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Apple loses, Amazon wins all

15 July 2013

The big story this week is the devastating news for Apple that it has lost its case. A federal judge in New York has ruled that Apple did collude with five big publishers to fix ebook prices. The judges' s verdict was that: "The Plaintiffs have shown that the Publisher Defendants conspired with each other to eliminate retail price competition in order to raise e-book prices, and that Apple played a central role in facilitating and executing that conspiracy. Without Apple's orchestration of this conspiracy, it would not have succeeded as it did in the Spring of 2010."

There is rarely a case in the book business in which a piece of news can be so differently received. Do you take the view that Apple, in its arrogance, deserves to pay the substantial sums which will be imposed because they have conspired to force up the price of ebooks for the consumer? This is the view from the world of technology as well as the legal one.

Or do you say, as much of the book trade on both sides of the Atlantic , including the Bookseller, has done, that it was just an attempt to stop Amazon trying to entice consumers to buy ebooks, especially through its Kindle device, at very low prices?
The regulatory authorities on both sides of the Atlantic have tended to support Amazon whenever it has come to a showdown. Many in the UK book trade were astounded when the giant internet retailer was allowed to go ahead with its purchase of The Book Depository, even though it was one of the few companies offering any challenge to Amazon. By deciding that Amazon did not yet have a dominant position in the UK book trade as a whole, the UK Office of Fair Trading ignored the fact that it certainly does have a monopoly in online book sales, and allowed the acquisition to go ahead.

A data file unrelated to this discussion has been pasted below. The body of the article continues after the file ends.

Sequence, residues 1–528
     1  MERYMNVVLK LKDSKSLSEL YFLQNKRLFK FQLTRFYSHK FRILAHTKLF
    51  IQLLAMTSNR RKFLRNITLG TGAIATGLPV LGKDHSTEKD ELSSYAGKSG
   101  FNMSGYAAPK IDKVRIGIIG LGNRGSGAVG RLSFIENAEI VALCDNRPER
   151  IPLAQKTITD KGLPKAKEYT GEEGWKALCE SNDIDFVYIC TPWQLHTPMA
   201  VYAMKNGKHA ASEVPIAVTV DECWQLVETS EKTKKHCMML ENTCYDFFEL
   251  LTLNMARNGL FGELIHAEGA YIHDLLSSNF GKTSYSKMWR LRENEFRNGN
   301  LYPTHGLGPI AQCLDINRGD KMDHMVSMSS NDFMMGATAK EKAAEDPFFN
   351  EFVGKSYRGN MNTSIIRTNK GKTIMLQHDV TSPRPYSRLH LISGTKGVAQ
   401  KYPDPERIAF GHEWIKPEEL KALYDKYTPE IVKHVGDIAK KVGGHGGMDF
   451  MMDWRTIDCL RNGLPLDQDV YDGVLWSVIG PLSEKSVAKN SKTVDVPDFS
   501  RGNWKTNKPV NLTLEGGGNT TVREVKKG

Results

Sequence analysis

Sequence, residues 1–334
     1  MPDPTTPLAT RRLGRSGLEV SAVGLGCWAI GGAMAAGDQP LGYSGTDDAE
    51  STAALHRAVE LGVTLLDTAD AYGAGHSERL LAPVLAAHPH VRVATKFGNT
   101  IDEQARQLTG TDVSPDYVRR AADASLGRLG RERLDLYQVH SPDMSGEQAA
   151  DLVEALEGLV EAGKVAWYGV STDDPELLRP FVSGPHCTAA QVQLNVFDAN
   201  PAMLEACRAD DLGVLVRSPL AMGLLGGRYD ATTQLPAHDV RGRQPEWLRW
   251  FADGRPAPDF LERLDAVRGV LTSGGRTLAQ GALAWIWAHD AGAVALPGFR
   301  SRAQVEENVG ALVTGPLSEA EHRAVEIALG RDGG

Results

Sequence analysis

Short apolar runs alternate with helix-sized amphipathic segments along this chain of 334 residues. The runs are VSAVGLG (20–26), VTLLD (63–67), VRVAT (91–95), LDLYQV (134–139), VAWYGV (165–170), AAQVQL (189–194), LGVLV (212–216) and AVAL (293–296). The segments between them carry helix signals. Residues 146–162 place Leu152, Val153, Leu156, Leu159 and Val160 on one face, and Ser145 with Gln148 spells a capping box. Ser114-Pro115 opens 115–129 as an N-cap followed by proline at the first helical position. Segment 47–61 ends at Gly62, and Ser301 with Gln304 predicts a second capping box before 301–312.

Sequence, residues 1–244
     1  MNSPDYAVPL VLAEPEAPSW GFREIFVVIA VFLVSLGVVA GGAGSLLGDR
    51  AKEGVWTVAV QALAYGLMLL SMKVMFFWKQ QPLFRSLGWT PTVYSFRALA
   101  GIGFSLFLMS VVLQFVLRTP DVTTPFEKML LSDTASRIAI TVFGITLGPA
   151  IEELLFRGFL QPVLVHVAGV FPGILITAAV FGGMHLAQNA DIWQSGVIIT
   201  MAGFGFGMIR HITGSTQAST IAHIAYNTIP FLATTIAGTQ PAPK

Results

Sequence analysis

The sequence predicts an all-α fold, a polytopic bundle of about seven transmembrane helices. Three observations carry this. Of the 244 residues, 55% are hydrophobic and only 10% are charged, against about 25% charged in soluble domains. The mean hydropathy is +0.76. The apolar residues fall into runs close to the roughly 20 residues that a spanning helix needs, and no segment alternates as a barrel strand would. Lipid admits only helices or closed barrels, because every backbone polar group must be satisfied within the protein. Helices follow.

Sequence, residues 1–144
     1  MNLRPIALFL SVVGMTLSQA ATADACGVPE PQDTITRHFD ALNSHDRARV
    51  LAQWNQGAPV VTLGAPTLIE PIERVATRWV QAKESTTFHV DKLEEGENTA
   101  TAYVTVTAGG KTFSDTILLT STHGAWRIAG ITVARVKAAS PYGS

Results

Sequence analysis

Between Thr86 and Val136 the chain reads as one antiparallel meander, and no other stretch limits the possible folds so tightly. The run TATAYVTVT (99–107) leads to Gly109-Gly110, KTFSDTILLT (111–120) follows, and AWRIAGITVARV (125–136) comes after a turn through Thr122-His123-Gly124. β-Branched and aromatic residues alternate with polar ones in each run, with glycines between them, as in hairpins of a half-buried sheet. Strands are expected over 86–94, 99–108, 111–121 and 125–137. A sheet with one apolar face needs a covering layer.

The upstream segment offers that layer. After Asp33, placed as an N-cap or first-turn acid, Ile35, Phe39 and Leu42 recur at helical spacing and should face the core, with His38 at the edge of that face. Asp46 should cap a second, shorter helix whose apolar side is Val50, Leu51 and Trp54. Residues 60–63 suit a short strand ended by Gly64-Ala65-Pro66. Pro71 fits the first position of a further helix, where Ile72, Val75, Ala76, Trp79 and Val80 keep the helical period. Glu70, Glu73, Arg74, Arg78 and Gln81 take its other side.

Amazon does seem unstoppable and many suspect they have used low prices as a tool to drive their competitors out of business. Of course books were just a starting-point and the internet retailer now trades in many other areas, establishing dominance on the web in many countries.

Perhaps Amazon may just now be showing the beginning of a change to rather higher prices on books, ebook and print, now that bricks and mortar bookshops are on the run. It may be too early to tell if this is a real change of policy forced on Amazon by the need to start making a profit, but in any case the damage to the book trade has been done. Book prices are very much lower and in general books are much more highly discounted than in the past. Consumers expect books to be cheaper than they can be and this is making it difficult for other booksellers, publishers and authors to make any money out of books. Amazon is forcing the pace and insisting on high discounts, and publishers have no choice, they have to give the discount demanded.